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Hotmail

Hey, I needed that!

There are times when you need to get a file out of your Hotmail account but the server has flagged the file as dangerous and won’t let you at it.  This can happen if the file is infected with an incurable virus or if a noob friend sent you an uncompressed EXE (we’ll get into ways to pay your friend for the trouble in some other post).


While Hotmail has locked the file away (likely for your protection, see disclaimer later in this post) you can still get the file.  An important note: you can really hose your computer if you bypass security, any security, so be sure you are ready to pay the consequences.  By following the instructions below you are agreeing to take full responsibility for your actions.


Okay, now that part one of the paranoia is out of the way, here’s what you do: 



  1. Enable advanced headers (click Options->Mail->Mail Display Settings->Message Headers=Advanced)
    headers.gif
  2. Open the e-mail message with the attachment, in the header there will be a link to “View E-mail Message Source”, click the link and a new window will open.
  3. The message source will be divided into sections or “parts”.  Look for the part with your attachment, it will be a square block of text that just looks like garbage (I’ve pasted an example below).  Select just the block of text and copy it.
  4. Open up notepad or some text editor (in Windows you can go to Start->Run, type in “notepad” and hit enter).  Paste the text block into your text editor.
  5. Save the text file but change the extension to match the transfer encoding (in most cases it will be base64, so the extension should be “b64”).  Make sure you change the drop-down for “Save as type” from “Text Documents” to “All files”.  In the example below you would save it as “potogold.b64”
    saveas.gif
  6. The saved file can now be decoded by WinZip or your favorite zip handling program.

Some important notes:



  • Dealing with dangerous files is… well… dangerous.  These instructions are provided for advanced users who are certain they are not going to do damage to their computers by circumventing the protections Hotmail has put in place to help protect users.  Please, if you are at all nervous about messing up your computer, let an expert do this (either that or a teenager).
  • There are a variety of encodings other than base64, if a different encoding is used .b64 is not the extension you want to add to your saved file.
  • I didn’t go into a ton of depth on the instructions or screen shots for a specific reason: I don’t want to encourage people to use this method without thinking hard about what they are doing.  I tried to be clear, but not easy.
  • These instructions are written assuming a Windows user.  Please don’t accuse me of hating the Mac or trying to crush LINUX.  I have a special place in my heart for the Mac and am not nearly intelligent enough to use the command line.  That said I couldn’t be bothered to figure out how to do this on another platform.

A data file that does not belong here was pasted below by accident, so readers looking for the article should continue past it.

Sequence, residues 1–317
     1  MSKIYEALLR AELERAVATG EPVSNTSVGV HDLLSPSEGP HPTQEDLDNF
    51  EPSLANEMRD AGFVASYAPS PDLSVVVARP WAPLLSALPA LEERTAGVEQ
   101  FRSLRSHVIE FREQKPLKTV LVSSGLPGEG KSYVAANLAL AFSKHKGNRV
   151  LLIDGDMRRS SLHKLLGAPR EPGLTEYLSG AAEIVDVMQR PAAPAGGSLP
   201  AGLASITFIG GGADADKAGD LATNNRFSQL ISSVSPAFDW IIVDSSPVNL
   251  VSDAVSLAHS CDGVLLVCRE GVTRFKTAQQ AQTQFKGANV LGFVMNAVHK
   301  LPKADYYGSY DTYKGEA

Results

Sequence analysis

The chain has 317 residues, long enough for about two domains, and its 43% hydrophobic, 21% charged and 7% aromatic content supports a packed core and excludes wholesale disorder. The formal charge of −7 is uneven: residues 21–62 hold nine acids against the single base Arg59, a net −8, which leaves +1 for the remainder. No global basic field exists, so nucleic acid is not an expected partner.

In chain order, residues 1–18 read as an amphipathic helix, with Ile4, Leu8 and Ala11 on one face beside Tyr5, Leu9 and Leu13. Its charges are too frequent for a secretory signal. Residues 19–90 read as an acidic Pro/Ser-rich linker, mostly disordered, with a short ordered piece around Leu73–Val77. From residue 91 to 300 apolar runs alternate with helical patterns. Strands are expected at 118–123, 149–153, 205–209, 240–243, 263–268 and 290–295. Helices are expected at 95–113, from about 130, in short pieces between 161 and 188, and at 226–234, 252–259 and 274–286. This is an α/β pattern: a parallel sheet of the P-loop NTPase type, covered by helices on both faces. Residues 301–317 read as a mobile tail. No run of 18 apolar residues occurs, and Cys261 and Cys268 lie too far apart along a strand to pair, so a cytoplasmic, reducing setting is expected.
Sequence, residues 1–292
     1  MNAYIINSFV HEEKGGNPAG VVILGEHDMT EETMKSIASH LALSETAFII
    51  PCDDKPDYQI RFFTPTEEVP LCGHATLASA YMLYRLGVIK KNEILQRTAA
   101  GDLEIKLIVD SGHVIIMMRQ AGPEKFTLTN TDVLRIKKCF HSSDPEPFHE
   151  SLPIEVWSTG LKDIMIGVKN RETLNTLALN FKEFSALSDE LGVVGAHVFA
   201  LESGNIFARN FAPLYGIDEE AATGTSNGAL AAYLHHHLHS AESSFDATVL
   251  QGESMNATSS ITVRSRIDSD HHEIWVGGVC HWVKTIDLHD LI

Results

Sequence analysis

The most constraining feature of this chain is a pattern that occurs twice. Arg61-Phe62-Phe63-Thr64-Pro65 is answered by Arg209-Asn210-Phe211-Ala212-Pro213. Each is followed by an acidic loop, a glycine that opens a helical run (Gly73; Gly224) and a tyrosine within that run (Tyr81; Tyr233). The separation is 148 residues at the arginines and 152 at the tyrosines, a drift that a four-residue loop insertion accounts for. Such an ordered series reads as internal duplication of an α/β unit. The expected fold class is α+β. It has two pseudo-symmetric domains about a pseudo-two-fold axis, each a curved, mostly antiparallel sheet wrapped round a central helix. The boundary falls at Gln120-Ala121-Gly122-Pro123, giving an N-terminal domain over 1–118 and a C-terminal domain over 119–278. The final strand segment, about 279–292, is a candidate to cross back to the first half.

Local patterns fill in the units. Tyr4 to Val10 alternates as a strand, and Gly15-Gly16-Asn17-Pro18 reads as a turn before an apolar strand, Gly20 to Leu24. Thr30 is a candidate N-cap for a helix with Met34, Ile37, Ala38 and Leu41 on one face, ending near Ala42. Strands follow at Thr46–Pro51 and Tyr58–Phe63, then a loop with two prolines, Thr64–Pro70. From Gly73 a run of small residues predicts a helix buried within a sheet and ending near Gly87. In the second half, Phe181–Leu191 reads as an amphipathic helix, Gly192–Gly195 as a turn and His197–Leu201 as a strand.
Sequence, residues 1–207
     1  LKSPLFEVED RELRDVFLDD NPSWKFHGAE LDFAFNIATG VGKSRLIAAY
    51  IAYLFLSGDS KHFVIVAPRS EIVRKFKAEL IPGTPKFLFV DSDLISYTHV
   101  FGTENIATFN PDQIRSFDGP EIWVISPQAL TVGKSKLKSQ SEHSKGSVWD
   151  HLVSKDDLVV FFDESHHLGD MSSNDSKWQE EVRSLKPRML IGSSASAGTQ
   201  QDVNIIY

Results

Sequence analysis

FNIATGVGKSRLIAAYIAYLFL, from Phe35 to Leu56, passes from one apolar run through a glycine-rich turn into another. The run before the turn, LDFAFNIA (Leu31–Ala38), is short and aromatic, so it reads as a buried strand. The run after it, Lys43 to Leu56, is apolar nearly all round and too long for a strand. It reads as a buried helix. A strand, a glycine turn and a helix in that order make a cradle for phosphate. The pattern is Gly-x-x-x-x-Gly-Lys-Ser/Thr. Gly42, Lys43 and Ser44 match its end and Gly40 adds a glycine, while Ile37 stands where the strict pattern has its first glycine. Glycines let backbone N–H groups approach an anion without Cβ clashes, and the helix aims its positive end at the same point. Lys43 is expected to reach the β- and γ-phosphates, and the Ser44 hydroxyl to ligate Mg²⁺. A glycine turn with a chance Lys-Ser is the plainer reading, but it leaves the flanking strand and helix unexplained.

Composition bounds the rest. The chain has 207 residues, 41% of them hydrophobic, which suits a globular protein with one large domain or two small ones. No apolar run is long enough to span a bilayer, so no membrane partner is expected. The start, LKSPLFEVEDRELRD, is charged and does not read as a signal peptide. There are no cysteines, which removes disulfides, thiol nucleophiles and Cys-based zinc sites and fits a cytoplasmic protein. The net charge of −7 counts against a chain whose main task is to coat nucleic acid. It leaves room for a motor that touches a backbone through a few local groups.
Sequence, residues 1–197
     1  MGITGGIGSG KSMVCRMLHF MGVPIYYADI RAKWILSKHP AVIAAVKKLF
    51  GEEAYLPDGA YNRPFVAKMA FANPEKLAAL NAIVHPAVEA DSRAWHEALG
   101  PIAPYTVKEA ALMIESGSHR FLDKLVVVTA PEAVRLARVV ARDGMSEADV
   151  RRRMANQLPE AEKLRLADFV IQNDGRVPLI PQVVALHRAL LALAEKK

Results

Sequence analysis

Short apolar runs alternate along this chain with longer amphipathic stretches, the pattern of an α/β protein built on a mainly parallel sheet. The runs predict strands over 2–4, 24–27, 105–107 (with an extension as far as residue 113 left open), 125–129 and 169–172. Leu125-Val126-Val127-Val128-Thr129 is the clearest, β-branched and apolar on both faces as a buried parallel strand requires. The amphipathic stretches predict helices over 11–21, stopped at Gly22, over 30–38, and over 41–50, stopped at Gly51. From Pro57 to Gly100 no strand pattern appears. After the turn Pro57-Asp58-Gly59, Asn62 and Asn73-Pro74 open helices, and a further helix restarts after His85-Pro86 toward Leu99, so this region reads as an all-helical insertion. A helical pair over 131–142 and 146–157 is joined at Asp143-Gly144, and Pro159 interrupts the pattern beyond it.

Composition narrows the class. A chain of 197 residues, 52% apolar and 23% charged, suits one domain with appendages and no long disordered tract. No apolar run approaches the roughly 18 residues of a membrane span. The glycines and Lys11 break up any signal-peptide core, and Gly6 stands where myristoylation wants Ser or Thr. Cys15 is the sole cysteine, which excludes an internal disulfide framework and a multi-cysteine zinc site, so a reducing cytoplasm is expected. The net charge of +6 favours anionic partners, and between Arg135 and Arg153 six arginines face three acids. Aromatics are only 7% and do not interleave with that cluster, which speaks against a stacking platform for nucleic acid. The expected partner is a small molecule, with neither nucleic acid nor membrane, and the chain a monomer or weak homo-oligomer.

• There is no substitute for having up to date antivirus (AV) software installed on your desktop.  AV software is like car insurance.  You need insurance to drive and you need AV software to be on the web.  Get used to it.

Now, the necessary disclaimers: files downloaded using this method will not have been scanned by any anti-virus software, I cannot be held responsible for any damage or loss of time that occurs as a result of downloading an infected file.  Additionally this help is provided by me, Reeves, and not Microsoft or Hotmail… there is no warranty expressed or implied.  I feel bad for anyone with a busted machine… but you’re on your own.


==========================
Example Encoded Attachment
==========================

——=_NextPart_000_0009_01C53F37.CCE02540
Content-Type: application/x-zip-compressed;
name=”potogold.zip”
Content-Transfer-Encoding: base64
Content-Disposition: attachment;
filename=”potogold.zip”

/9j/4AAQSkZJRgABAgAAZABkAAD/7AARRHVja3kAAQAEAAAAPAAA/+4ADkFkb2JlAGTAAAAAAf/b
AIQABgQEBAUEBgUFBgkGBQYJCwgGBggLDAoKCwoKDBAMDAwMDAwQDA4PEA8ODBMTFBQTExwbGxsc
Hx8fHx8fHx8fHwEHBwcNDA0YEBAYGhURFRofHx8fHx8fHx8fHx8fHx8fHx8fHx8fHx8fHx8fHx8f
Hx8fHx8fHx8fHx8fHx8fHx8f/8AAEQgAIwAkAwERAAIRAQMRAf/EAH8AAAICAwEAAAAAAAAAAAAA
AAUGAgMAAQcIAQADAQEBAAAAAAAAAAAAAAAEBQYCAwEQAAIBAwMCBgIDAQAAAAAAAAECAwARBCES
BTETQVGBIjIGYUJxUmIjEQACAgIBAwMEAwAAAAAAAAAAARECAwQhMUEFUYESYaEiFDIjQ//aAAwD
AQACEQMRAD8A9QzzJFGzyMAqgl3OgAFLd3ZVeDWKjfHVijmfeOzy3YiiSTDRgJJQTuI8WXwqbv5H
8/Wo4p42aS3Fg7xX2LjuQlaLHZt6jdtcbbjzFMdXyFXaEwLNqXxqWGAwIqhx5FZSBNG9K6HgL5tY
TgTiVgqW6nz8Km/JxFpDNWVdQc3fDM3JSIhtChuz9Pb4eFSV8tap9yh+cV+ob4+OHCljyMa/cQ6l
tdCNR60Jj3747q3ANlm6aY1YPMY85CE7Jf6EWv8Ax1qr0PL0yOKuH6MU5da1eewU3+y9Uv7H
tdCNR60Jj3747q3ANlm6aY1YPMY85CE7Jf6EWv8Ax1qr0PL0yOKuH6MU5da1eewU3+4SCR
yDud408hhvjq/be4ZH/0pvr+KVeV1vmmphsI1s3wtIsS8O/H4MsbsHneQPK4v8R8etSGxq2xUabm
3X2GlcyyWldCmEBdbaWtSq2PmTq2Zmcji4G15CWlYf8AMAaknRdfWi9TE7PjrJzt0Hr9PWr3/P3E
vcnKtxej93FKlGKsTfuEubhFsnstNiHqV/VvJtOlSO/q2dm+z+w01b1iO4jt9p5TIkXH47FLTudq
hFLsT+BQWPx1W+7C246jP9Y+h8hJlQ8rz8rNkRuJIsS+4CwuN56dbGwp1q6ST4QDn2uIqdD7
hFLsT+BQWPx1W+7C246jP9Y+h8hJlQ8rz8rNkRuJIsS+fstV
B+t/XAu+XJM9DRmToZRQ/wAqS7H8joiNcDRbHTDUiDFi2mhg/9k=

——=_NextPart_000_0009_01C53F37.CCE02540–


Did I mention that if you do this and things go bad that neither I nor Microsoft can be held responsible? Yes? Good.

One reply on “Hey, I needed that!”

Uh, why don’t you fix Hotmail to allow users to do this more easily? Clearly there’s a need if you’re blogging about it.

FWIW, when I needed to do this, I used Entourage. Worked like a charm 🙂

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